By Monte Lazarus
Maybe it’s just the natural consequence of reaching Geezerdom. Perhaps it’s a follow-on of an incredible exposure to dedicated, skilled teachers in the New York public school system (yes, you read that right!). Or, it might be a combination of the above added to an aversion to distortion of language. In any event, I’m tired of “like” a minimum of five times in every sentence, like, this one.
Through the years we’ve heard enough clichés and misused words to “sink a battleship” (how’s that for a cliché?). Toss in vague, meaningless generalizations and some made-up non-words and we’ve produced a new monster language. Here are just a few monstrosities that make strong women and men weep (especially English teachers and lovers of language):
• “Like” (see above). This is, like, my new favorite bête noire, because it, like, has no meaning and, like, just grates and, like, grates on my, like, ears. Why can’t people just get, like, over it. I know, I know, it’s the current favorite of teenagers and even some alleged adults. To that I say, “Yuck”, and you may quote me.
• “You know”. If I know you don’t have to tell me so.
• It’s a wonder there are any buses left in the United States. It seems that people are being “thrown under the bus” by the busload these days (pun intended).
• “At this point in time”. How about simply saying “Now”?
• “Control your own destiny”. This favorite of sports talking heads makes no sense. “Destiny”, by definition, means “fate”, at least according to Mr. Webster. If something is fated, it is out of the control of the individual or team, even if the team is as great as the New York Yankees…oops, that was the Yankee team of eons past. The new Yankees apparently just forgot how to control their own destiny.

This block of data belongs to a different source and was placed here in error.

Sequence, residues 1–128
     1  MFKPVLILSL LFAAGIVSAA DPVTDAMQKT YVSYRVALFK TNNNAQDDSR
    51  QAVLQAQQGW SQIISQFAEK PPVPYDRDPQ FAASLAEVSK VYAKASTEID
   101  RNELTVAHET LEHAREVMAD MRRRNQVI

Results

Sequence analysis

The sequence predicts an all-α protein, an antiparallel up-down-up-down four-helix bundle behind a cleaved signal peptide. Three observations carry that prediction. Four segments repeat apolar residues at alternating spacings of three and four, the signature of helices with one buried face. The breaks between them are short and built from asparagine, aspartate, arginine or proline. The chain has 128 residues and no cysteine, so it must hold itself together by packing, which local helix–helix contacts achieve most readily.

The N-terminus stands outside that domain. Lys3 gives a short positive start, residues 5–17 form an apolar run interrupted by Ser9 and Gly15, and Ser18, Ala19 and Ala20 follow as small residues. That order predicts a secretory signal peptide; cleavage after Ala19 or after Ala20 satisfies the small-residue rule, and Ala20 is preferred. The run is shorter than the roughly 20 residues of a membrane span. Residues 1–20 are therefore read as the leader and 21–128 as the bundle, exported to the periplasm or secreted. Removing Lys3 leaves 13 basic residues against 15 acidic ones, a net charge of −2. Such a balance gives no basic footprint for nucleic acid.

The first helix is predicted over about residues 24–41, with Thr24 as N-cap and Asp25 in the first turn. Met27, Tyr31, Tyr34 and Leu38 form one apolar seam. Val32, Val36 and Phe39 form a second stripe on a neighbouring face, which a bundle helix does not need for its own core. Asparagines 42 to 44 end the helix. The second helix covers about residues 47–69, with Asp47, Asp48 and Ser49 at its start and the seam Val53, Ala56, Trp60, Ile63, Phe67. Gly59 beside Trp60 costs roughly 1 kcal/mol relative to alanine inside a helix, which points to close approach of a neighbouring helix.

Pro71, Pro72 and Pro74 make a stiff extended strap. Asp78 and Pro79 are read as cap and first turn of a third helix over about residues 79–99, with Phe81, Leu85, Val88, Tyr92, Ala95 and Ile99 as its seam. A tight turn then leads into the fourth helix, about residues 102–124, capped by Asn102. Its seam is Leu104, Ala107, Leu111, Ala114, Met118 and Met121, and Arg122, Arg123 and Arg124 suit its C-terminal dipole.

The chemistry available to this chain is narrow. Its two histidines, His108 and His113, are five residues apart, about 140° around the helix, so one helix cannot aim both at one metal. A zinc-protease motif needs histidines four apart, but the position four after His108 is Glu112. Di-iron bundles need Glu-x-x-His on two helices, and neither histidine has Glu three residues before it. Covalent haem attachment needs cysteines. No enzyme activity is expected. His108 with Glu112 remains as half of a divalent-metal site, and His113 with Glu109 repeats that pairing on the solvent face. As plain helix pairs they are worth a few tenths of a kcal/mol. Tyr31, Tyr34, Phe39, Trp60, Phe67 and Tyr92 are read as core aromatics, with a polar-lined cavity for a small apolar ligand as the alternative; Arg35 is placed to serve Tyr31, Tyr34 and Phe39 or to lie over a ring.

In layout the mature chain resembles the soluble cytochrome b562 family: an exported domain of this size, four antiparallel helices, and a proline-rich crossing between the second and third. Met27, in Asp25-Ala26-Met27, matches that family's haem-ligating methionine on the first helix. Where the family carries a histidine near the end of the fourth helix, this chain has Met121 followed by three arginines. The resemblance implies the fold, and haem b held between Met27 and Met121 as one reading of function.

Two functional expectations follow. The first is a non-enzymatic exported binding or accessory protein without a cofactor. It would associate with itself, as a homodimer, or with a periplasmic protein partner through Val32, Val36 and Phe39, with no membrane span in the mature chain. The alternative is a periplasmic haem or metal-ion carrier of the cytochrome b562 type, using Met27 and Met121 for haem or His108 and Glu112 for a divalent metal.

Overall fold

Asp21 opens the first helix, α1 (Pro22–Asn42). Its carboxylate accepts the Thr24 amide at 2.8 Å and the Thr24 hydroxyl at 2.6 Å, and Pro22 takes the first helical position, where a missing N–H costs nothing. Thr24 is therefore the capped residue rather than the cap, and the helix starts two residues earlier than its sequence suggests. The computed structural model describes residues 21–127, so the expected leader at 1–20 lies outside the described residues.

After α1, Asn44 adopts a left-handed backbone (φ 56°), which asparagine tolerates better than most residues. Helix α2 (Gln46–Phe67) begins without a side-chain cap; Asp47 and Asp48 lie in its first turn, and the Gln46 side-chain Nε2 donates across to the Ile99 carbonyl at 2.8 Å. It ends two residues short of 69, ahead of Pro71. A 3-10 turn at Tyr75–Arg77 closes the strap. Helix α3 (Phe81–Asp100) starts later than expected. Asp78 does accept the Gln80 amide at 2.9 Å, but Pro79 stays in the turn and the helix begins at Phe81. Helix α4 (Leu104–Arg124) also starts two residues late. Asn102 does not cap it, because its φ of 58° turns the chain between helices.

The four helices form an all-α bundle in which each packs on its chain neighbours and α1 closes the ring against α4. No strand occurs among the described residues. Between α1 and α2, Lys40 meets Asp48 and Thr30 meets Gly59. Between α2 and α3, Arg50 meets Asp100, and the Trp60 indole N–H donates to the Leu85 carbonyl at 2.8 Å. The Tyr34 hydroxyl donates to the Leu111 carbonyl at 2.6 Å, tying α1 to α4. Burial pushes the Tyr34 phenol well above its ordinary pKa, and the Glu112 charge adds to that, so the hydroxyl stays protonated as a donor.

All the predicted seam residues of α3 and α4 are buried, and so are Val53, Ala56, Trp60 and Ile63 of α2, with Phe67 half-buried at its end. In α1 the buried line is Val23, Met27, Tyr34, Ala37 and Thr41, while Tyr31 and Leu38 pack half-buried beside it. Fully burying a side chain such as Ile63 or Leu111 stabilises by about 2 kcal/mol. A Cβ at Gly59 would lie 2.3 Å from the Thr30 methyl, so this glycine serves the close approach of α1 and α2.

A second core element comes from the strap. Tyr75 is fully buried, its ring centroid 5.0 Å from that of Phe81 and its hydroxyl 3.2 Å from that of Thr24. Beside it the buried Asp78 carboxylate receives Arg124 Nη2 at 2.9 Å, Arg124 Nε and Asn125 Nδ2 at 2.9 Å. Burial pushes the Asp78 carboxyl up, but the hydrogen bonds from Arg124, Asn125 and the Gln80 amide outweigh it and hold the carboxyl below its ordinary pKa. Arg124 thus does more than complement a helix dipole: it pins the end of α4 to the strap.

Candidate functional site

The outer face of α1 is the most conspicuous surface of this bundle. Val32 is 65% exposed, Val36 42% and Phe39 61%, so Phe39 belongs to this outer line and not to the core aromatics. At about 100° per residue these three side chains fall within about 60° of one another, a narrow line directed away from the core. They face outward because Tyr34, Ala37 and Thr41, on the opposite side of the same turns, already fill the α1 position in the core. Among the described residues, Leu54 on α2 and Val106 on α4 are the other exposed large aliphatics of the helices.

• “It’s” instead of “its” – and vice versa. This one is so simple that anyone who misuses them should be sentenced to 14 hours of continuous listening to rap “music” or 18 hours of Barry Manilow. “It’s” means “it is”. It’s a contraction. “Its” is possessive, as in “controlling its own destiny…”
• “At the end of the day”. How about “finally” – or what if the conclusion is to take place later than the end of the day?
• “We won because God’s on our side”. Really? I didn’t realize that God picked one team, boxer, runner or whatever, over another. I pity the loser(s) who apparently offended God. That’s very sad.
• Speaking of “whatever”, that’s the worst use of a word to dispose of a subject without the ability to address it intelligently.
• “The bottom line” is perfectly o.k. in accounting and corporate jargon. Enough is enough. If used in other contexts I contend that I don’t know anyone who has a line on his/her bottom. So there.
• “There are two sides to every story”. No, there aren’t. What, for example, is the other side to child molestation or genocide? At the risk of offending those who have been raised accepting the “two sides” stuff I contend that sometimes stories may have only one side.
• “The French [fill in your own group] are rude”. Nonsense. Not all Frenchmen or women, or even New Yorkers, are rude. As Justice Holmes once said, “All generalizations are false, including this one.” Let’s please, like, stop making generalizations about people and, like, their use of language. Whatever.